baby kittens

Preparing for baby kittens is a little different than preparing for puppies or other animals. There is not a “season,” per se, for cats to give birth. A female cat can go into heat every two to three weeks whenever a male cat is in the vicinity and she hasn’t been bred, and the heat period lasts 6 to 7 days. If you have a female cat or you are thinking about getting a kitten, there are some things that you should do to prepare.

Removing Toxic Plants

Cats like to chew on and eat grasses and leaves of some plants. There are certain plants, however, that can be potentially poisonous to your unknowing feline. You might try to put them in a place that you think is not accessible, but cats are very skilled at getting to things and into places that might seem quite challenging. If you are going to invite a cat/kitten to live with you, it is best to rid your home of these toxic plants before they arrive. These plants can include:

  • Lilies, and Lily of the Valley; cats are particularly sensitive to lily poisoning
  • Anemone, Aloe Vera, Amaryllis, and Asparagus Fern
  • Daffodils, Philodendrons, and Jade Plants
  • Chrysanthemums, Cyclamen, and Cycads

Taking Care of Momma

Whenever you know or suspect that your cat may be pregnant, be sure to take her to the vet for a checkup. It is also recommended that you provide more food for her so she can keep up her energy, as well as switching to a kitten food during the third trimester of pregnancy. Diamond Kitten and Iams Healthy Kitten are two options that we offer that meet the nutritional needs of baby kittens.

A Bed for the Birth

Cats are more comfortable when they feel protected and somewhat isolated. If the mother does not have a regular space or bed that she normally uses, you can simply set up a cardboard box with sides tall enough to keep the baby kittens from falling out and a pet bed or old blanket. Prepare your “nursery” area ahead of time and put it somewhere quiet and warm, away from traffic. This will help your new momma cat get comfortable with her new area.  Make sure fresh food and water are nearby, but not inside the box.

The litter box, also, should be somewhat close by. Normally, cats don’t like to use a litter box that is too close to their food source. After having kittens, however, she may not want to venture too far. It would be ideal if you can place the litter box on the other side of the room from her food.

Concerns During the Birthing Process

Most of the time, a cat will have no problems giving birth to baby kittens on her own. There can be extenuating circumstances, though, that constitute an emergency situation. Some of these can include:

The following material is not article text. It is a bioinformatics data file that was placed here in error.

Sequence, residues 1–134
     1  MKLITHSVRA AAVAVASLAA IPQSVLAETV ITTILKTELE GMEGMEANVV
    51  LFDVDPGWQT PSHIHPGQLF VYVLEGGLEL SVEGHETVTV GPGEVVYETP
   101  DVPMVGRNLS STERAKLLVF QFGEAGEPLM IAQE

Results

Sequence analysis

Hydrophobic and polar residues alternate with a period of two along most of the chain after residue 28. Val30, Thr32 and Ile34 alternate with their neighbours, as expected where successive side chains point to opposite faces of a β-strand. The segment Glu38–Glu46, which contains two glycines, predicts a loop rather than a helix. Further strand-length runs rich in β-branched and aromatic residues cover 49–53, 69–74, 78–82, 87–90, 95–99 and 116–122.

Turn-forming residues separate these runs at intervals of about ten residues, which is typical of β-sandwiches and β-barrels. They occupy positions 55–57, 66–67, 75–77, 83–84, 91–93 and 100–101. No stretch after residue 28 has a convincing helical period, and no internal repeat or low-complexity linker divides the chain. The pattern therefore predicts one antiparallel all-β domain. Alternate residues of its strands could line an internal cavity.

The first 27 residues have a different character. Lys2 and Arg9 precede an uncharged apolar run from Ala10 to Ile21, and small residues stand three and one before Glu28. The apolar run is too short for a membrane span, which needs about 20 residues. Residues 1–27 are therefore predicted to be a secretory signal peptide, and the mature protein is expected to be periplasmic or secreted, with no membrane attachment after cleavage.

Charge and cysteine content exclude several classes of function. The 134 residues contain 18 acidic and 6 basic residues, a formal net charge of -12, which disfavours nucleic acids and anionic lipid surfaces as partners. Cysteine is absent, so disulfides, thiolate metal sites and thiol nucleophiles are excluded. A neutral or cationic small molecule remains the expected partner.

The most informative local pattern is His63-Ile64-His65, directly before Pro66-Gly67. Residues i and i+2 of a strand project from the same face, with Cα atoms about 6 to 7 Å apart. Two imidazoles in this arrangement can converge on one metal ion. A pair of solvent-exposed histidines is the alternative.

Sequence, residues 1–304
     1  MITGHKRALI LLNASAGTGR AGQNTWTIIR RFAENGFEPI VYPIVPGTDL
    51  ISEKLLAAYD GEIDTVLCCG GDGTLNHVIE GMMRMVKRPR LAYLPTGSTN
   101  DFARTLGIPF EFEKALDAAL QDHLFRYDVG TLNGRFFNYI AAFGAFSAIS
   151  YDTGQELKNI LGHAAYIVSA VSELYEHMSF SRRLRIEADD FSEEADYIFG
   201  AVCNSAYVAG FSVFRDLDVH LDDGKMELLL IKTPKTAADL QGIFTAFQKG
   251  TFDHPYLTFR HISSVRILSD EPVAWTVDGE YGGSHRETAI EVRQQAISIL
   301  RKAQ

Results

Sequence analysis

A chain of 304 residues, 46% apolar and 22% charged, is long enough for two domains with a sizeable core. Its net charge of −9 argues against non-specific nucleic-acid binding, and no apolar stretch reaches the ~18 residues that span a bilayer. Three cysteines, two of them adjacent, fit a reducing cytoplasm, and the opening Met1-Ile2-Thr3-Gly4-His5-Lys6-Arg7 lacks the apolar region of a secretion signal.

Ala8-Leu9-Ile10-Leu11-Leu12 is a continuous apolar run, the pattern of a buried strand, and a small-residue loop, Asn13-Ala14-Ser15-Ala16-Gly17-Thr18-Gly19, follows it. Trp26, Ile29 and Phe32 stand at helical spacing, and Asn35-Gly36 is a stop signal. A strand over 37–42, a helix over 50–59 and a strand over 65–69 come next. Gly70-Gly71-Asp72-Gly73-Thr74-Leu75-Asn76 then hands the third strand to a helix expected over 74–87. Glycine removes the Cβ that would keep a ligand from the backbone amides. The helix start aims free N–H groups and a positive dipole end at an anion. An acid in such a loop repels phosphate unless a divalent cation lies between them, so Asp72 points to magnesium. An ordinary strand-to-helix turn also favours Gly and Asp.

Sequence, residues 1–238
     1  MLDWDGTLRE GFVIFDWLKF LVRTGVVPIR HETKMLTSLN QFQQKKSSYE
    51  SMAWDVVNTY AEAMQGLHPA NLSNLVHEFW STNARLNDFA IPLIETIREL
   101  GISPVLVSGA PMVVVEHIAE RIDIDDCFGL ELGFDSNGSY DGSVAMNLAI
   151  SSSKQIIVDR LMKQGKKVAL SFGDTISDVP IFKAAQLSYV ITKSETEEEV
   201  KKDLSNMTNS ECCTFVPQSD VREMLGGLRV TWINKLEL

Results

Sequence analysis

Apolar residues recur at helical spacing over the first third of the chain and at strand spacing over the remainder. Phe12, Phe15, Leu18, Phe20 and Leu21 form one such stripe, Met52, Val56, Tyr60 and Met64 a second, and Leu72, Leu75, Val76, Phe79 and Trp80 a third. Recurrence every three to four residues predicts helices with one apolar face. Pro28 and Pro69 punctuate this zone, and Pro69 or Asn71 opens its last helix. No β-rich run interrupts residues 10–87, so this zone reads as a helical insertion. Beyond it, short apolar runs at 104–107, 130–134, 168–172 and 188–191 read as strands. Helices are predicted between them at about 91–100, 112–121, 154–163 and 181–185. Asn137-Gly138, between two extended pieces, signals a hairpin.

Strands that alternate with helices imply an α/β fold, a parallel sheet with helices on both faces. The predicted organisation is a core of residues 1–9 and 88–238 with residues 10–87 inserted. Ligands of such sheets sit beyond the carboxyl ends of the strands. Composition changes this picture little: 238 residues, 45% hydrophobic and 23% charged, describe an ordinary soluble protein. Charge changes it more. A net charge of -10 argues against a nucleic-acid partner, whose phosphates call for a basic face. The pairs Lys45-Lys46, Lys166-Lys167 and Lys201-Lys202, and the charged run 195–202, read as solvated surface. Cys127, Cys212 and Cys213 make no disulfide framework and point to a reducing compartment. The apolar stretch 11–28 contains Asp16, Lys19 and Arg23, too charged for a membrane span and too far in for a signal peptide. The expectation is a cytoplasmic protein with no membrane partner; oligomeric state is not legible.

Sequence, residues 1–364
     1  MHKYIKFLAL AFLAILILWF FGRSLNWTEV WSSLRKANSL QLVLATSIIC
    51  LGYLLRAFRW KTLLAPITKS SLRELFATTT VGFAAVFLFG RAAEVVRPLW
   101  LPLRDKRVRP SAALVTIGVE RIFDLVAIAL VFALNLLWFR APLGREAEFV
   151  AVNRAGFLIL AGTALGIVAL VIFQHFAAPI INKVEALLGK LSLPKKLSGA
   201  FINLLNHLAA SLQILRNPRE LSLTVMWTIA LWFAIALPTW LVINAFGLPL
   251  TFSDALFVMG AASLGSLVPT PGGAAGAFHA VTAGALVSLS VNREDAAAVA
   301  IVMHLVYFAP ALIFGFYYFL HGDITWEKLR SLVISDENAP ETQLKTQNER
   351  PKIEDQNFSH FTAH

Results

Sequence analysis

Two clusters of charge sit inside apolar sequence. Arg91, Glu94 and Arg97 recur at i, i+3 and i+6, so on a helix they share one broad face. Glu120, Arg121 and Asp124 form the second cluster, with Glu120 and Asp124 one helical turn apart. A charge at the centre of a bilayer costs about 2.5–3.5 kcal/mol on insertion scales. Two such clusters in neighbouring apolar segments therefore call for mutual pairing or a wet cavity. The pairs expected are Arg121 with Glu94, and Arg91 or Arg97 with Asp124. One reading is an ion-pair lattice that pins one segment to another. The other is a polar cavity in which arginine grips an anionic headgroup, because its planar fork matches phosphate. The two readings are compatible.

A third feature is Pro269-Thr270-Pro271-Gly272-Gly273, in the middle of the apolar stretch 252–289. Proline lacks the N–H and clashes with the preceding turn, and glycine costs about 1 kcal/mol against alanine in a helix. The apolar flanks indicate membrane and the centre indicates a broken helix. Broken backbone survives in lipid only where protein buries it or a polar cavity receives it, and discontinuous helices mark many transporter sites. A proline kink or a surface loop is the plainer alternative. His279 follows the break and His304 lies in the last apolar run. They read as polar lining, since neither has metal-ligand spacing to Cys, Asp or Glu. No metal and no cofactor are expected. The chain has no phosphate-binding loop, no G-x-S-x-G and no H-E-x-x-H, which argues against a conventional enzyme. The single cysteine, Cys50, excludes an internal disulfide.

• Half hour has gone by after the start of contractions without producing a kitten
  • There is a green or dark discharge before giving birth
  • Half hour has passed after one kitten being born and contractions are continuing without indication of another kitten coming
  • A kitten has become stuck during birth
  • A kitten hasn’t suckled for three hours

Just to be prepared for these issues, you may want to put your veterinarian on speed dial in case any of these or other concerning situations occur. Creating a first aid kit ahead of time can ease the stress of unplanned situations.  This could include a box ready to transport the mother and/or kitten(s) to the vet if needed, a few clean cloths, and a Kitten Milk Replacer and Nurser Bottles. 

Supplies for Baby Kittens

It doesn’t take long for baby kittens to start playing and getting into things. If they are going to be indoor cats, there are a few things you should get to keep them healthy and occupied:

  • Food/Water dishes (a Pet Fountain with fresh water is best)
  • Litter box with fresh litter (cleaned out at least daily; more often with multiple cats)
  • A comfortable bed (they like to be in spots that are higher up)
  • Scratching Pads/Posts (will help to save your furniture)
  • Toys (avoid strings or things that unravel in order to avoid choking)

We hope these tips will help you to be more prepared to welcome a new kitten into your home. Here’s a good informational video to help you learn how baby kittens grow from 0-8 weeks and another good video with tips for caring for an orphaned kitten. Please leave any comments or questions and follow us on Facebook. Thanks for reading!

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